Award Date

5-1-2015

Degree Type

Dissertation

Degree Name

Doctor of Philosophy (PhD)

Department

History

First Committee Member

David Tanenhaus

Second Committee Member

Colin Loader

Third Committee Member

Michael Green

Fourth Committee Member

Sheila Bock

Number of Pages

217

Abstract

A specialized facet of American common law developed throughout the nineteenth century; that being mortuary law or the law of the corpse. This jurisprudence transferred limited property rights to dead bodies, which was a radical departure from the treatment of the dead under the English common law tradition that the United States had adopted after the American Revolution.

The dead fit into a unique category in law. Legally they do not exist and therefore have no voice. It thus falls to the state to speak for them in the form of statutes and judicial decisions, which represents a continuation of common law doctrines. In addition, this study contributes to a fuller understanding of the contradictory laissez-faire image of Progressive Era courts by examining the judicial interpretations of the police power, individual’s property rights, and due process claims through the lens of cemetery regulation and removal.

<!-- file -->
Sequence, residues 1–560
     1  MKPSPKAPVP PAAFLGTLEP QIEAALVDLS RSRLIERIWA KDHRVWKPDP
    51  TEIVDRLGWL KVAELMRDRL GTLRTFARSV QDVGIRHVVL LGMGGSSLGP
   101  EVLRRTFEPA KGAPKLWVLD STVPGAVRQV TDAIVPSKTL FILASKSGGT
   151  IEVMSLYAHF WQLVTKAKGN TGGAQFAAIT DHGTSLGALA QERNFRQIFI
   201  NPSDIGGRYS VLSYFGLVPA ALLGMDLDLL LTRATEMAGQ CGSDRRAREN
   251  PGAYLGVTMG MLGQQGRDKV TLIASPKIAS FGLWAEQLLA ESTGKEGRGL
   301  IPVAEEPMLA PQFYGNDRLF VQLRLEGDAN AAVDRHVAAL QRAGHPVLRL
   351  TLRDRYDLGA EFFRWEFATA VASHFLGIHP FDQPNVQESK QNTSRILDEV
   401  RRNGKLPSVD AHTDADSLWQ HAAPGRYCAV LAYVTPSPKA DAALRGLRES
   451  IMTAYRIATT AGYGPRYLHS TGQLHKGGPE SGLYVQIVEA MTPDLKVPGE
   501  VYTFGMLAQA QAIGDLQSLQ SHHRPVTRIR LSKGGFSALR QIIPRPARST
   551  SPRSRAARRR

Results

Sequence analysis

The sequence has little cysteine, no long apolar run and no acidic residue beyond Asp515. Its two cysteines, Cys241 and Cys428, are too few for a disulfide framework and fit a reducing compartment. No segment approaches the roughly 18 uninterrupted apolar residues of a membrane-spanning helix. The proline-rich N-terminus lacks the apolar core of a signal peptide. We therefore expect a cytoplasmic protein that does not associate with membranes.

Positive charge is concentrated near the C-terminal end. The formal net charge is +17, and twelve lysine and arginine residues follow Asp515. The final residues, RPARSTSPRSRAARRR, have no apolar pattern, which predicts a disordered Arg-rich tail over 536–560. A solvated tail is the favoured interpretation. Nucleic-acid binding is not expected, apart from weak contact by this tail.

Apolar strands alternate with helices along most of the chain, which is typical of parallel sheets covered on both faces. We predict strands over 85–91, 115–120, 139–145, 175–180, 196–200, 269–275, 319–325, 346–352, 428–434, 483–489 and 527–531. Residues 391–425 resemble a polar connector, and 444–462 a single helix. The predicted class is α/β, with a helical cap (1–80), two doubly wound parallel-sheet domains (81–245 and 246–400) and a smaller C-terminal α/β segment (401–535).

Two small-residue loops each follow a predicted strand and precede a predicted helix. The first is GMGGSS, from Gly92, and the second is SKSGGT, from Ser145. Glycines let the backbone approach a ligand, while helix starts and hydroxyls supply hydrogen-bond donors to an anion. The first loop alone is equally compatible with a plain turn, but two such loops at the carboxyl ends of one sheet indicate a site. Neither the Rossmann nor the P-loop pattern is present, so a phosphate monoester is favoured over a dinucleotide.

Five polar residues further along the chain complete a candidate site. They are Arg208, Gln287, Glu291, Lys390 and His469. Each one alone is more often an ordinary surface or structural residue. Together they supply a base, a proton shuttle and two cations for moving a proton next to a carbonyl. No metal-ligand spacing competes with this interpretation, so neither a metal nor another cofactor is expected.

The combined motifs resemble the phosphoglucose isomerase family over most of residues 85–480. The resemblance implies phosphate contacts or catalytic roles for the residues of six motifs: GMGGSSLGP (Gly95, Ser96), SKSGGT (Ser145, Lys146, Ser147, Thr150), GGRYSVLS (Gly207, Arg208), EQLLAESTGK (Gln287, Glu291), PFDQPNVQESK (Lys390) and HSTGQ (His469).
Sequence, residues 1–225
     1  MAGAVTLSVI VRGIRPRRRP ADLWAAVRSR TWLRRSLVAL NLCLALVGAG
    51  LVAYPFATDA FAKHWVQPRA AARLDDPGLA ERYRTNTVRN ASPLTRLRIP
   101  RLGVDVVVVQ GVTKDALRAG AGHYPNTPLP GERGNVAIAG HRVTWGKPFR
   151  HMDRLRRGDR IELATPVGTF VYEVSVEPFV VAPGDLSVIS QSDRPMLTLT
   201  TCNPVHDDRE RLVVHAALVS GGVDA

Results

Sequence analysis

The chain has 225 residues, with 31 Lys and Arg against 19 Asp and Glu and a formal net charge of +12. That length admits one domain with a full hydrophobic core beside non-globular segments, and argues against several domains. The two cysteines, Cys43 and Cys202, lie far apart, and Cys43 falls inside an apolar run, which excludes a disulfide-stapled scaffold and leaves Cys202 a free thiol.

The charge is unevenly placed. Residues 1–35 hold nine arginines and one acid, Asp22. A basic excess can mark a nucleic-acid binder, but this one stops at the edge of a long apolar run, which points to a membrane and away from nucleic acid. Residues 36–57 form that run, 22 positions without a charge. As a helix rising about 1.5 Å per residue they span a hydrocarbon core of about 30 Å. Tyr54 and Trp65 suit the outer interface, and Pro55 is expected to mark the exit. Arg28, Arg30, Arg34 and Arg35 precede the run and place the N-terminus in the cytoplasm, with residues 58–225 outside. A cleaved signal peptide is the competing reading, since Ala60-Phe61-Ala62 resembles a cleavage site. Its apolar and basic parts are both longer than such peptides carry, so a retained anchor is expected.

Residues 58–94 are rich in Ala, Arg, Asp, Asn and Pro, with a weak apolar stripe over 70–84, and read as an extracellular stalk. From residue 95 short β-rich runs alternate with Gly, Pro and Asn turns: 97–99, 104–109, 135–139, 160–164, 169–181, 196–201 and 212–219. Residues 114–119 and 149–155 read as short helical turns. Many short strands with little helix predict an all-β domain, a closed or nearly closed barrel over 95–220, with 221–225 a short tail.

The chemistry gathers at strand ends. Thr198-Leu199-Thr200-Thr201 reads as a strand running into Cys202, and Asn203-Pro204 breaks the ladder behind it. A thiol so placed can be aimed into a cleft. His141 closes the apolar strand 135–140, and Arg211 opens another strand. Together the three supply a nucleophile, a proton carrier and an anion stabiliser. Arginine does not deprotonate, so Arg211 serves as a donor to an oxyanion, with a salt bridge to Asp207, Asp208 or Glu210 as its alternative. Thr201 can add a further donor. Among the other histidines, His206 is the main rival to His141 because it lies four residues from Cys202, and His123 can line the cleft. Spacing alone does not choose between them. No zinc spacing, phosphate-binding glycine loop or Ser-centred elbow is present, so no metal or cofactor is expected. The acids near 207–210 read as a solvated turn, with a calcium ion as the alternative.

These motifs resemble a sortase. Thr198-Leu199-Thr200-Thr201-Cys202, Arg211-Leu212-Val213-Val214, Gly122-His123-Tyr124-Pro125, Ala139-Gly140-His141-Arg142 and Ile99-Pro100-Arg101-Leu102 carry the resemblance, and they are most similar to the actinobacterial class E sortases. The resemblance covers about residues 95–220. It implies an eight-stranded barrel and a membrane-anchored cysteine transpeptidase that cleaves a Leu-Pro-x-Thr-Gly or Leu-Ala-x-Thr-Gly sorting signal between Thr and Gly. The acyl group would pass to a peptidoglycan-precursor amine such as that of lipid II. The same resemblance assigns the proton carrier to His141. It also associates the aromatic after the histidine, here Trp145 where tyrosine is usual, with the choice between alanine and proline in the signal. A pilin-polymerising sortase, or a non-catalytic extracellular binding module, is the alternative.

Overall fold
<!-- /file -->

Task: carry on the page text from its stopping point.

Keywords

Burial; Burial laws; Cadaver Law; Cemeteries; Cemeteries – Law and legislation; Common law; Grave; History

Disciplines

Common Law | Law | United States History

Language

English


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